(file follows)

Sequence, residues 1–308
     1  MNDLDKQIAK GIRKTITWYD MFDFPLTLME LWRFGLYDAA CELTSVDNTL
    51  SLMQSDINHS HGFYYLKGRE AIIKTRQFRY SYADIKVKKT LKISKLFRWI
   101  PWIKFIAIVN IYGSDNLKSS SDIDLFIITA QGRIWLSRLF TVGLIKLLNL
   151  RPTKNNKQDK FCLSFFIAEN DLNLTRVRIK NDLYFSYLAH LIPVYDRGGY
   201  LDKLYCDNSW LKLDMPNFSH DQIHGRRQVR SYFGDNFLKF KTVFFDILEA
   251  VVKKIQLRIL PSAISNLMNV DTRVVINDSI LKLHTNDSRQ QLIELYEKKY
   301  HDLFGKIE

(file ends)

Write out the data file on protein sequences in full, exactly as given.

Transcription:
Sequence, residues 1–308
     1  MNDLDKQIAK GIRKTITWYD MFDFPLTLME LWRFGLYDAA CELTSVDNTL
    51  SLMQSDINHS HGFYYLKGRE AIIKTRQFRY SYADIKVKKT LKISKLFRWI
   101  PWIKFIAIVN IYGSDNLKSS SDIDLFIITA QGRIWLSRLF TVGLIKLLNL
   151  RPTKNNKQDK FCLSFFIAEN DLNLTRVRIK NDLYFSYLAH LIPVYDRGGY
   201  LDKLYCDNSW LKLDMPNFSH DQIHGRRQVR SYFGDNFLKF KTVFFDILEA
   251  VVKKIQLRIL PSAISNLMNV DTRVVINDSI LKLHTNDSRQ QLIELYEKKY
   301  HDLFGKIE